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Culture

When Music Becomes A Cure

Bringing music to people who don't get the chance to go to live performances is the motto of the organisation, "Live Music Now!", founded by the late world famous violinist, Yehudi Menuhin.

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Not everyone is able to enjoy the magic of a concert

For those who live in the Frida Kahlo Home, the night of the performance was a special one.

The institution, named after Mexican artist Frida Kahlo, is home to young disabled people in need of special care. For them, simply going to a concert or the movies often proves an unsurmountable hurdle. But on this particular night, young pianist Tatiana Liakh and flutist Jung-Hyun have decided to play for the inhabitants of the Frida Kahlo Home - at the home itself.

Bringing music to the people

The two young musicians are members of the orgaisation "Live Music Now!" (LMN!). Live Music Now was founded in England back in 1977 by the late Lord Yehudi Menhuin. The world-renowned violinist strongly believed in the curative effects of music.

During World War II, Menhuin played in field hospitals for the wounded and, after the war, for survivors of German concentration camps. When South-Africa's apartheid regime barred blacks from entering the country's concert halls, Menuhin gave special concerts for blacks.

Bringing music to people that would otherwise not have the chance to go to live performances thus became the motto of his organisation.

Today, musicians at "Live Music Now!" play for the homeless, in orphanages, prisons, refugee centers, or, as the British branch of the organisation puts it, "for other people whose freedom and comforts are denied, for whatever reason."

A chance to perform

For young musicians like Andreas Kirpal, "Life Music Now!" offers the possibility to play in front of audiences, rather than rehearsing primarily on their own. Together with his brother Stefan, Andreas has played in various, albeit unusual venues in the past three years - including hospitals and rehabilitation centers.

Apart from the experience, it is also a way of earning a modest income with their music. For each performance Andreas and Stefan earn a little money, which comes from the "Live Music Now!" scholarship fund. But despite the opportunity of earning some extra cash, most of the young musicians do not take part in the project for the money alone.

"My experiences were quite positive. You do learn a lot," Andreas told DW-WORLD, "for instance, you do realize that out there, the things you learn at university, don't really matter all that much."

Connecting to people

"It's much more important that you take your audience seriously. Take for instance the people in a geriatric ward where we once played. They won't notice whether you play your pieces the way your professor wants you to," says Andreas, "but they will certainly react to you, when you somehow manage to connect to them."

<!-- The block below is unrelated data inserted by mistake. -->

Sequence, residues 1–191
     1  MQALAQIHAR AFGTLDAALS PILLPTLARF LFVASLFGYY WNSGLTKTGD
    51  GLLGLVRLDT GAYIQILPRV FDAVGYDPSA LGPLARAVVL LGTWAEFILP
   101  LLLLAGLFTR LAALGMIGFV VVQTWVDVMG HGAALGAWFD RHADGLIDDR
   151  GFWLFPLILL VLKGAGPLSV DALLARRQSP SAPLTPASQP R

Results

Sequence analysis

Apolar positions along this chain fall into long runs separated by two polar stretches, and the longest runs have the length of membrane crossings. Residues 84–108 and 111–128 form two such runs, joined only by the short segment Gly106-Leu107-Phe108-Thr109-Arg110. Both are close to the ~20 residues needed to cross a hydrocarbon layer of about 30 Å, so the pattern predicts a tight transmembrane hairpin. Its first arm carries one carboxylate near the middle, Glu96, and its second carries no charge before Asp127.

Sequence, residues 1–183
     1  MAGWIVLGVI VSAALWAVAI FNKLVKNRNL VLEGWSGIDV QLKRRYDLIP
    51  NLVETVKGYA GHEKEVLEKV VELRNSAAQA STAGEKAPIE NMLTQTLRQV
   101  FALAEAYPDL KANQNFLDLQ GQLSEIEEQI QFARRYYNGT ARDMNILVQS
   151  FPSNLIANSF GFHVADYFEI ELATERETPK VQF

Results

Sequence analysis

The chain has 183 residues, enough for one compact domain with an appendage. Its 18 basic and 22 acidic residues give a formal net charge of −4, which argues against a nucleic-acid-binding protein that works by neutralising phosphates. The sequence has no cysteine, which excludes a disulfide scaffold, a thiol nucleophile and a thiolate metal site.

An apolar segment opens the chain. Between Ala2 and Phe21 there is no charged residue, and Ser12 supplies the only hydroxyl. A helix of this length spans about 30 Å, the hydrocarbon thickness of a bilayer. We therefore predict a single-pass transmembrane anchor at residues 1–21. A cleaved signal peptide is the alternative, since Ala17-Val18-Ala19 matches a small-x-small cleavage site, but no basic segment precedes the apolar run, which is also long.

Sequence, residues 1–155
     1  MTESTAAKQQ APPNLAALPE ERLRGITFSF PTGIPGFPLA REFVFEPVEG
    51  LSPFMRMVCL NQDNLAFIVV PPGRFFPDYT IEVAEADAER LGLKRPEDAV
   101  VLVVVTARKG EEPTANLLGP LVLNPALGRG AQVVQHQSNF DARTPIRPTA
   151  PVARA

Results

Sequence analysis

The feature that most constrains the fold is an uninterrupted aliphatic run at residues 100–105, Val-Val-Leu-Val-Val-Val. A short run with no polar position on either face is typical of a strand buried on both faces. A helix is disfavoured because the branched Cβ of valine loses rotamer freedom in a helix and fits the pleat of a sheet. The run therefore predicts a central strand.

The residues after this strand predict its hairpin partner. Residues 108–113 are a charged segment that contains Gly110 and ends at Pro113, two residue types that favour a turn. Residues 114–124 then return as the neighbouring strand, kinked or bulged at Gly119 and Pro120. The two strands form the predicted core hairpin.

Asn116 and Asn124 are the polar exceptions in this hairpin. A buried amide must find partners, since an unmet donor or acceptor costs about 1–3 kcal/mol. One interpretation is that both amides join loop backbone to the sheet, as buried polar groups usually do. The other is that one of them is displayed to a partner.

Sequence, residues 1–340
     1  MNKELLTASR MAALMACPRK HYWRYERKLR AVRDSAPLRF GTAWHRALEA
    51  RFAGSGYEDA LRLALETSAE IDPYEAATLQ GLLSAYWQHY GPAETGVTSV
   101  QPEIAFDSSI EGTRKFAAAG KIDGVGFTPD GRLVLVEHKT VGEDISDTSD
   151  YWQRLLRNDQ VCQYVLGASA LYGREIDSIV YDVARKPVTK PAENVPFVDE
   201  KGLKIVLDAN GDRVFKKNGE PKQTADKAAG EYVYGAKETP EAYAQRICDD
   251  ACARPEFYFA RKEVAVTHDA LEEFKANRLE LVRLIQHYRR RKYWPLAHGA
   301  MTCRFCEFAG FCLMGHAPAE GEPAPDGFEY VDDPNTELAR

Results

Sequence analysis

Connecting to a wide range of audiences, however, isn't always an easy task for young musicians, Martina Bauer says.

Bauer is an assistant professor for piano at Munich's academy of drama and music and is a member of the LMN! commission that selects new scholarship-holders each year. "Apart from the musical side, we also need people who have excellent communication skills. We want them to go out and make an effort to explain their music to the audience. And that's very different from what musicians usually do."

Music is not a cure-all

Different the experience may be, it is often a very rewarding one, Sabine Freifrau Kraisel says. Kraisel is one of the founding members of LMN!'s German branch in Munich and has been to many of its concerts. "Music is certainly not a cure-all, unfortunately," says Kraisel, "but I have seen truly amazing things happen."

"Once, we had a musician play for a little girl who was terminally ill. The nurses had already given up on her, saying that she was not showing any kind of response anymore. But then the musician started playing his instrument, the bassoon, explaining the different kinds of sound it makes, and a smile ran over her face," Kraisel recalls.

Another time, two LMN! musicians played in front of a home for troubled teenage girls. Before the concert the social workers had warned the musicians that it would be really difficult to get the girls to quieten down, and that they would most probably not listen to classical music anyway.

But then, within minutes after appearing on the improvised stage, the two musicians, all dressed up in their black tailcoats and red bow ties, captured the total attention of everyone in the audience. "The musician who gave the introduction is a really handsome guy," says Kraisel, "and he managed to charm them all."

The young musicians from Live Music Now! also regularly play for elderly people suffering from Alzheimer's disease. Although the patients cannot recall what they had for breakfast, the nurses say, some of them seem to remember the concerts for a long time.

But even when they forget, the musicians know that they have made them happy, if only for a day.

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  • Date 12.07.2002
  • Author Kerstin Steinbrecher
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  • Permalink http://p.dw.com/p/2TGk
  • Date 12.07.2002
  • Author Kerstin Steinbrecher
  • Print Print this page
  • Permalink http://p.dw.com/p/2TGk